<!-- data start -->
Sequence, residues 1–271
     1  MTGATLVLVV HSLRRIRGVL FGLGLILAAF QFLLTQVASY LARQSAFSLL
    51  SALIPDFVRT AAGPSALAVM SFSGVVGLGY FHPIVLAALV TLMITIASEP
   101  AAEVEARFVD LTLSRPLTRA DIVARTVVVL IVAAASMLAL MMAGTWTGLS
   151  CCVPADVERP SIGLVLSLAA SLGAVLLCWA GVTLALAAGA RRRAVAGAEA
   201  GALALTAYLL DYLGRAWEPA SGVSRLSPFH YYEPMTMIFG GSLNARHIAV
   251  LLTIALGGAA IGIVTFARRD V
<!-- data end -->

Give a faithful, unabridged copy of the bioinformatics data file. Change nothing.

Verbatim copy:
Sequence, residues 1–271
     1  MTGATLVLVV HSLRRIRGVL FGLGLILAAF QFLLTQVASY LARQSAFSLL
    51  SALIPDFVRT AAGPSALAVM SFSGVVGLGY FHPIVLAALV TLMITIASEP
   101  AAEVEARFVD LTLSRPLTRA DIVARTVVVL IVAAASMLAL MMAGTWTGLS
   151  CCVPADVERP SIGLVLSLAA SLGAVLLCWA GVTLALAAGA RRRAVAGAEA
   201  GALALTAYLL DYLGRAWEPA SGVSRLSPFH YYEPMTMIFG GSLNARHIAV
   251  LLTIALGGAA IGIVTFARRD V